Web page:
Winchester prison was placed in special measures last month after the Independent Monitoring Board’s annual report said it had seen increases in self-harm, drug use and violence.
This is consistent with national trends. Last year the National Audit Office said there had been record rates of suicide and self-harm among inmates following cuts to funding and staff numbers. Campaign groups have repeatedly pointed out the effect the experience of prison has on people’s mental health, with feelings of despair and hopelessness making suicide and self-harm more likely.
There were approximately 2,000 outsourced staff working in prisons at the time of Carillion’s demise – supplied equally by them and Amey, a rival ‘facilities management’ firm. Many of them worked with prisoners: the Ministry of Justice told Corporate Watch around 15%, though the GMB union said the figure is more likely around two thirds.
Prison service boss Michael Spurr said a Service Manager’s Instruction would need to be issued: “to ensure that Carillion, and our other contractors, are made aware of the requirement and their contractual obligation to comply with it”.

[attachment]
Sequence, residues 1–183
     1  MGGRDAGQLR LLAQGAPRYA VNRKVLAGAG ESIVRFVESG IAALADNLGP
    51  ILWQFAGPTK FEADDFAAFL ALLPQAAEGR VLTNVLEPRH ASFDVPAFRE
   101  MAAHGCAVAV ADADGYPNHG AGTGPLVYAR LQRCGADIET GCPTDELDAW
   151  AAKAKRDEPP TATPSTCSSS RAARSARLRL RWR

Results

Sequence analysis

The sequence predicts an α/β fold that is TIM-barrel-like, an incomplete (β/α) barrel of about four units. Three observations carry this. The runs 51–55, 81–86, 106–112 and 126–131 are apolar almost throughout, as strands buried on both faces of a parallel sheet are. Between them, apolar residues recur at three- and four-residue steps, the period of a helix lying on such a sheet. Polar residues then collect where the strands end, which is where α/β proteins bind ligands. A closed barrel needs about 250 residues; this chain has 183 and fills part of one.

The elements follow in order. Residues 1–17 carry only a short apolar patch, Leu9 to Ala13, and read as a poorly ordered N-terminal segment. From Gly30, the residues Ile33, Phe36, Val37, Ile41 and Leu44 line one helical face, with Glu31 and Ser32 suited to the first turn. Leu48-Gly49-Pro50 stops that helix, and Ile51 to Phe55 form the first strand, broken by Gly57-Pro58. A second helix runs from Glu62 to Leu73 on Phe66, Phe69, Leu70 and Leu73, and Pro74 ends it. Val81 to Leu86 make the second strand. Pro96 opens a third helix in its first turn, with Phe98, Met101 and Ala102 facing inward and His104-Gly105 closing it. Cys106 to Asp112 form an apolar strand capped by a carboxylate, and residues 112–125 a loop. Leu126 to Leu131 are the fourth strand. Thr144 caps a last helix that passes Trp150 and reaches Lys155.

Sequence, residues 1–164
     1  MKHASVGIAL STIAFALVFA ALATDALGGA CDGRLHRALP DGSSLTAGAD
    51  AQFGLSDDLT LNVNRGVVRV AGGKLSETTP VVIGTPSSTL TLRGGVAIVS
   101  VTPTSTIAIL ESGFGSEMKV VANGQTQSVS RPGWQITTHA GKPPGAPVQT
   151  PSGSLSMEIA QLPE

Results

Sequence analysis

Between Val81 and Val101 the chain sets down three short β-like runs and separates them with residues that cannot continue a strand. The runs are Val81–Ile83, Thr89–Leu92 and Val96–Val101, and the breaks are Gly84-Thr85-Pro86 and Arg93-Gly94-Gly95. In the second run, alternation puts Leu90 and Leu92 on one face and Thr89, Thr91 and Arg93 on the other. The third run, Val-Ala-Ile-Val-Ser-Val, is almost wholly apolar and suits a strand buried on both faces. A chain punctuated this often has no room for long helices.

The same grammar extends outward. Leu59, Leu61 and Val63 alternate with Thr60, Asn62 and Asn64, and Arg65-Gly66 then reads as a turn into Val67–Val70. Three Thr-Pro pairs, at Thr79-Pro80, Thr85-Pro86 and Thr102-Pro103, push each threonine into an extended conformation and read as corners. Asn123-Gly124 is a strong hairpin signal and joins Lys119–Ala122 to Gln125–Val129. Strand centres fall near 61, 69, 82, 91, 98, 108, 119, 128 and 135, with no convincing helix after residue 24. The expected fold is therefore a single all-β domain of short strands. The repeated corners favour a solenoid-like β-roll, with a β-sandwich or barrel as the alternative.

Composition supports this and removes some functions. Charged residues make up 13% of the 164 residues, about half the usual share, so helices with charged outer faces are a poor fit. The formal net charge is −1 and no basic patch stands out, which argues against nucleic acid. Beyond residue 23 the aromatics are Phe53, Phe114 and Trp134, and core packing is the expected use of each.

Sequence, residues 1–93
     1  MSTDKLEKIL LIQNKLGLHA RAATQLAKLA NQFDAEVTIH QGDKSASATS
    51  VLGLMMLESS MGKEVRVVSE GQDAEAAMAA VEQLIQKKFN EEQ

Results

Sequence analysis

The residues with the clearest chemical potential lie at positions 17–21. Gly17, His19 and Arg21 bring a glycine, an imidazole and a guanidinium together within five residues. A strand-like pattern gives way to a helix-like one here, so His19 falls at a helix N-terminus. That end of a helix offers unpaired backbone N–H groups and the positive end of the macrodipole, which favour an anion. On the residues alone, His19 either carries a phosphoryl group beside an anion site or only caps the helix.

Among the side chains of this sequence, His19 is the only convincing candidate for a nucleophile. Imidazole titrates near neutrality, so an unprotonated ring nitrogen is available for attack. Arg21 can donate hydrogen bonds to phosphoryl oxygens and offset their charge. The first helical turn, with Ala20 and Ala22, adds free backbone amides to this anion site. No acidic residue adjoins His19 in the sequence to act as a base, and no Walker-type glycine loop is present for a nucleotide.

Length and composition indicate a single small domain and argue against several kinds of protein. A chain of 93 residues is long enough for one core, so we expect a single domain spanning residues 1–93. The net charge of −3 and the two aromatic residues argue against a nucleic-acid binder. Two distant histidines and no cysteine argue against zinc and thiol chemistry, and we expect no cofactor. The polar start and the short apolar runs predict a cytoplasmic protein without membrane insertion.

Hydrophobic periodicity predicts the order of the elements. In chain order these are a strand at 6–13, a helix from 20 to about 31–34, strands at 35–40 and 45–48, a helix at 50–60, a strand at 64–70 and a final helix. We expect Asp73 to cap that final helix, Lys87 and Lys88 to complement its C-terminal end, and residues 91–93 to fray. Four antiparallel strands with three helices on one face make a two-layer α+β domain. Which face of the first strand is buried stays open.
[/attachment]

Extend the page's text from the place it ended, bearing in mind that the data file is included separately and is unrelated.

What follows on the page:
Corporate Watch asked the Ministry of Justice why the suicide and self-harm prevention training was not included in its contracts with Carillion and Amey. They told us “this training was not a contractual requirement”.
They said the prisons service “has now made a commitment to provide safer custody awareness sessions, this will inform contractors of the process of passing this information on. The department will cover the cost of these sessions.”
Since Carillion’s demise the MoJ has set up a new company to take over from it. Neither they nor Amey would say how many staff still lack the training.
Solicitor Clair Hilder from law firm Hodge, Jones & Allen, who represented Mr Plumstead’s family at the inquest, said: “That there was no provision for such training of Carillion staff shows the shocking lack of priority given to self-harm and suicide prevention in prisons despite the latest safety in custody statistics showing record highs of self-harm incidents. The prison service appears to have been clueless as to what roles ‘facility management’ staff filled within prisons and what if any training they had had.”
Corporate Watch contacted Amey for comment but they said we needed to speak to the Ministry of Justice.